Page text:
Believe Blog 3: Overcoming Unhealthy Challenges

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By Paige Harnish, LISW

Licensed Mental Health Clinician & Behavioral Health Specialist

It’s true, we are creatures of habit. We follow very predictable patterns of thinking and behaving—how we have responded in the past is likely how we will respond in the future. This is why most people struggle to maintain consistent diets and exercise routines.

The first thing we can do to overcome unhealthy patterns is to recognize that fad diets and cure all exercise routines are not maintainable long term. Instead, we must focus on implementing a healthy routine of balance and moderation. Strive to establish a way of eating that suits your health and doesn’t make you feel deprived and an exercise routine that is both consistent and enjoyable. Feelings of deprivation with food—or anything else, usually leads to a spiral of negative emotional consequences. We must also be realistic with exercise and face the fact that the U.S. culture has become sedentary and everyone needs to increase physical activity and exercise to minimize physical and mental health consequences.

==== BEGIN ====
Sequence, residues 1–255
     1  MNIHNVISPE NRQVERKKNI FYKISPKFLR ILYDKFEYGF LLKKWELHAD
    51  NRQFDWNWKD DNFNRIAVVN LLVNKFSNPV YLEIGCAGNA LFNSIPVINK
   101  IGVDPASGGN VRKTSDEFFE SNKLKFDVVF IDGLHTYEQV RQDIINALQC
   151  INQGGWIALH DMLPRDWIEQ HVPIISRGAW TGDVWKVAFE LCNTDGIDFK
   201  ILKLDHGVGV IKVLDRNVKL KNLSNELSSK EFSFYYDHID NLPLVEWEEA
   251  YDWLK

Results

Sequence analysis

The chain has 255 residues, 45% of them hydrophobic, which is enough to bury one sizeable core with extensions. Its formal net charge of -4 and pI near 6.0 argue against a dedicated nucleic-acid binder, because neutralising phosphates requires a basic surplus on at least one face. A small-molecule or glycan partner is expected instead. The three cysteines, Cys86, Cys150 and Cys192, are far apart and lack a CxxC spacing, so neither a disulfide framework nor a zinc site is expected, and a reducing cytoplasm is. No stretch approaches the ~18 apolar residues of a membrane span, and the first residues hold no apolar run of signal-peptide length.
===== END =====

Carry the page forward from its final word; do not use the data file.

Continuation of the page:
Motivation can be a catalyst to overcoming unhealthy patterns. The strongest source of motivation comes from within. Take time every day to slow down and reflect. Thinking about your “why” on a regular basis can help with motivation.

Another way to overcome unhealthy patterns is to better understand the patterns and routines you follow. Pinpoint what point in the cycle or what specifically triggers unhealthy patterns. A better understanding can help you recognize the pattern in the future and give you the ability to change the narrative. A change at any point of the cycle is the opportunity to establish a new, healthier cycle. For example, if you tend to eat unhealthy foods when you arrive home from work, and you recognize that eating is linked to work-related stress, take a few minutes to unwind after work. Excuse yourself, change your clothing, and take a few moments to transition to the home environment. You will feel less stressed and will likely have the ability to overcome cravings for unhealthy snacks before dinner.  

Talking to a friend or accountability partner can also provide the support necessary for change. We often make the mistake of failing to reach out for help when help is needed.  If you feel you have exhausted all other efforts, never be afraid to reach out to a professional. Professionals in your area are equipped to help you to overcome unhealthy patterns and to establish new, healthier patterns of thinking and behaving. Always remember that you have the power to change and the best time to start is now!

Javier Tuel